The design and synthesis of linear and macrocyclic Poly(para-arylene)s
Author(s)Batson, Joel Marcus
Massachusetts Institute of Technology. Department of Chemistry.
Timothy M. Swager.
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Poly(para-phenylene) (PPP) has generated sustained scientific interest due to its potential as a blue-emitting material for use in Organic Light Emitting Devices (OLEDs). However, due to its highly unfavorable solubility, most traditional synthetic routes to PPP are relatively limited in their scope. In Chapter 2 we discuss the synthesis of poly(para-arylene)s via the post polymerization functionalization of a completely soluble and easily accessible precursor polymer, utilizing the metal-catalyzed [2+2+2] reaction. We expect that this versatile strategy could lead to new and interesting PPP derivatives. In Chapter 3, we employed this [2+2+2] strategy once more in the synthesis of an defective, but otherwise inaccessible alkoxy substituted poly(phenylene triptycene). We discuss the limitations of this synthetic route for the installation of the three-dimensional triptycene scaffold along the polyphenylene backbone. Recent interest in belt-shaped p-polyarylene macrocycles, otherwise known as nanohoops, has been high due to their potential as a starting template for the bottom-up synthesis of armchair carbon nanotubes (CNTs). The proposed strategy involves iterative Diels-Alder cycloadditions performed in the bay-region of a structurally appropriate nanohoop. However, the unique geometry of these macrocycles also makes them relatively challenging synthetic targets. Perylene has been identified as the smallest polycyclic aromatic hydrocarbon (PAH) capable of undergoing a Diels-Alder in its bay-region. Accordingly, in Chapter 4 we discuss progress towards the synthesis of a nanohoop containing this crucial perylene moiety, from which it is hoped the aforementioned bottom-up synthetic strategy can be successfully implemented.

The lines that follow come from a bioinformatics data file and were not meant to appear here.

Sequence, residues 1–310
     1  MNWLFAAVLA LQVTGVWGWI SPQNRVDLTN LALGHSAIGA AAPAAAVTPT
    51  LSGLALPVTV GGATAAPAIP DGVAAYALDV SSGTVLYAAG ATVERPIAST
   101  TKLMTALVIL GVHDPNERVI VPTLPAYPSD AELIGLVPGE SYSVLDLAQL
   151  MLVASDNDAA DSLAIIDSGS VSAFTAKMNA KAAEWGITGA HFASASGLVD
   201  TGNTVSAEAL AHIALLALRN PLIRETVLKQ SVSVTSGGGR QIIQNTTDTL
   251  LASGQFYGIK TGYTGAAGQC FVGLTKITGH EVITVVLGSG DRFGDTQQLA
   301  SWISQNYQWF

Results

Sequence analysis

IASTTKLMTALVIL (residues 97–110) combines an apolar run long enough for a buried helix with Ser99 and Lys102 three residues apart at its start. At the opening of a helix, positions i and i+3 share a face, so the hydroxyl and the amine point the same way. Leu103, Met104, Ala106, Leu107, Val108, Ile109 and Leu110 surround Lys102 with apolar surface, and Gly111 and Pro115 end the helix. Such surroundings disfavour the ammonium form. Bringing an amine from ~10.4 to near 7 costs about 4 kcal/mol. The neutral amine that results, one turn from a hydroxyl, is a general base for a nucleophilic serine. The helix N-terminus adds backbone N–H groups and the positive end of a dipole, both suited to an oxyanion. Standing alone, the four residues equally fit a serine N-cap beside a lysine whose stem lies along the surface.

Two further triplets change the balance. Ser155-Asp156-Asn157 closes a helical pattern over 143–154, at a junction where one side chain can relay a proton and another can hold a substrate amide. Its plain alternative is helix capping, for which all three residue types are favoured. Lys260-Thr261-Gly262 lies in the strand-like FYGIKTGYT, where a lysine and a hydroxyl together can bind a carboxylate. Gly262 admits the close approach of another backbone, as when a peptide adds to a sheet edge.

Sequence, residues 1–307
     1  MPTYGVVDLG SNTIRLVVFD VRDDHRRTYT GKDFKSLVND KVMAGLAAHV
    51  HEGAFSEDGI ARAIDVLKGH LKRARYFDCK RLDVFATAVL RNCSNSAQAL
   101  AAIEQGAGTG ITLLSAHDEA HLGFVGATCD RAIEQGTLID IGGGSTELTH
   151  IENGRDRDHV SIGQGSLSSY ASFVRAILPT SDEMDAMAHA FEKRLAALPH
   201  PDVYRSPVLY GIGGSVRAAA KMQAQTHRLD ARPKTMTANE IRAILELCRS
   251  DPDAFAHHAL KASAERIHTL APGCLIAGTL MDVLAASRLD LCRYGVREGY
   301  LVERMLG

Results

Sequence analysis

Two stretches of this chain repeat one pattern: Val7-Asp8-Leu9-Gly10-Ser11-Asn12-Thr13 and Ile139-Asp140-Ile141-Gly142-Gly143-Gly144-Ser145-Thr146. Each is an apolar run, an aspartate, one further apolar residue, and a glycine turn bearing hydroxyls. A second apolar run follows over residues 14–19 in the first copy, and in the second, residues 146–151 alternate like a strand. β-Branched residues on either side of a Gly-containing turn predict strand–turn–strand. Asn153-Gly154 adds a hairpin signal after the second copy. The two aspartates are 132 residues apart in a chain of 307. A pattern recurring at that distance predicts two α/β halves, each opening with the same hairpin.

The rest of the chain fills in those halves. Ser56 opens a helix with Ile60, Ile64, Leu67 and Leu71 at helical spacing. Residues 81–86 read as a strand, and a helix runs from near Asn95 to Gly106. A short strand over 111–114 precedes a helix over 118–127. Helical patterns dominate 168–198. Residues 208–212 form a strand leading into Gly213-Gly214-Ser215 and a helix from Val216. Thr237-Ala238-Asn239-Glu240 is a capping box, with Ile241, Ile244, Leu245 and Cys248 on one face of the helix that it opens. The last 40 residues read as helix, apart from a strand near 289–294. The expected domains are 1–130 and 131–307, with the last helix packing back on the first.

Thesis (Ph. D.)--Massachusetts Institute of Technology, Dept. of Chemistry, 2013.Cataloged from PDF version of thesis.Includes bibliographical references.
DepartmentMassachusetts Institute of Technology. Department of Chemistry.
Massachusetts Institute of Technology